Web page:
Process to fill 30th District seat was game of charades | Inside Politics

The only people who enjoyed the process to fill the legislative vacancy created by Roger Freeman’s passing might be chess players,

The only people who enjoyed the process to fill the legislative vacancy created by Roger Freeman’s passing might be chess players, or people old enough to remember the 1963 movie “Charade.” As in the movie, solving the riddle is more fun than the actual ending.

And the twists and turns in this local legislative political thriller rival the movie for false clues and misdirection.

It should have been easy. Freeman was a Democrat and the law requires the King County Council, which has a 5-4 democratic majority, to fill the position with another Democrat. Because a small part of the district is in Pierce County, the Pierce County Council — which has a 5-2 Republican majority — gets to vote on the appointment as well.

The end of the game would yield a Democratic appointment. The only questions were, who would it be and what could the Republicans get out of the process for themselves?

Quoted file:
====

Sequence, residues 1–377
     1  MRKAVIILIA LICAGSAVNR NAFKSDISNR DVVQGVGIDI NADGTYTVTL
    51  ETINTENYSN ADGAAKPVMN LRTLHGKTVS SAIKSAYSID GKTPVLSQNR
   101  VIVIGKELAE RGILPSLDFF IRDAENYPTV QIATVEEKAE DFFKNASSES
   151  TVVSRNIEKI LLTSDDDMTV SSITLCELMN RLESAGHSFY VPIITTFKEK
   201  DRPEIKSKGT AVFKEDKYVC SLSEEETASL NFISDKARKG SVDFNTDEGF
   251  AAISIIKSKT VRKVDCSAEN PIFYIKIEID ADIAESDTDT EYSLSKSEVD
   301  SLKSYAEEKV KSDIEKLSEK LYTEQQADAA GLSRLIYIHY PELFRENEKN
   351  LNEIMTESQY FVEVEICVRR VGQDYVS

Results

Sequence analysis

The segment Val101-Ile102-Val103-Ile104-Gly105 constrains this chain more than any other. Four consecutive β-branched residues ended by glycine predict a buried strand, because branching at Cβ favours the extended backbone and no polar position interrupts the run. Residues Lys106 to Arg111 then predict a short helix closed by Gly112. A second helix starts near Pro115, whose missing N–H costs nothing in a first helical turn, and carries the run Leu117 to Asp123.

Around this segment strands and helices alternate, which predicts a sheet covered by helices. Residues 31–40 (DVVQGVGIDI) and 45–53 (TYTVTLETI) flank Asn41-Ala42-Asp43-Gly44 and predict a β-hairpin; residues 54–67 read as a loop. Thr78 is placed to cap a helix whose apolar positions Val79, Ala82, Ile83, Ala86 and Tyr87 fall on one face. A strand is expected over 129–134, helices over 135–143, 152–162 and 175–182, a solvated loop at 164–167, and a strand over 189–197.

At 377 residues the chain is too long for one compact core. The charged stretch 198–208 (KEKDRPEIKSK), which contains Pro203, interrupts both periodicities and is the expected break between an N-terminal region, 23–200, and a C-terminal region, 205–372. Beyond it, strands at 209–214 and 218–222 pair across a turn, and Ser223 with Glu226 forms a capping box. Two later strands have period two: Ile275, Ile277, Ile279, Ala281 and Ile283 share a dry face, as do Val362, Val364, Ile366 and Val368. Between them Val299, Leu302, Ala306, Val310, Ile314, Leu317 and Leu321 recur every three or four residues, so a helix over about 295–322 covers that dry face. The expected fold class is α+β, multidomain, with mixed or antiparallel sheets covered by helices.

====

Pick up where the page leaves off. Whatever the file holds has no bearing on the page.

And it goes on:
The 30th District Democrats nominated three well liked candidates on Dec. 1 in preferential order: Carol Gregory, a school board member; Richard Champion, a Democratic district officer; and Shari Song, who had just run for the state Senate.

If the two County Councils couldn’t agree on one candidate, then the appointment would be elevated to Gov. Jay Inslee to make the selection. Remember, legislators cannot raise money while the Legislature is in session and the session started Jan. 12. And with Democrats holding the state House by only a couple of votes, the sooner the person is appointed the better for the Democrats to begin. This seat will be the most valuable position on the ballot this fall and both sides will spend a lot of money to win it.

But the Republicans had their game plan set, and it appears that everything that happened after the Democrats announced their three finalists was choreographed by Pierce County Republicans to achieve the following goals.

Get front runner Gregory to agree to step down from the school board if she got the appointment to the Legislature. Since the Democrats have a 3-2 advantage on the school board, that would open the door for a Republican candidate. If Gregory agreed, and she then lost the legislative position, she would be out of public office altogether.

Gregory felt she had no choice and agreed to step down during her interview with the King County Council, if she was appointed. Secondly, the Republicans wanted to stretch the process out as long as possible so the Democrats and their candidate would have less time to raise money for the race. Lastly, they wanted to try and force the appointment to go to the governor. Not only did that buy more time, more importantly it would put the governor in the awkward position of making a choice that could divide the local party loyalties among the three candidates.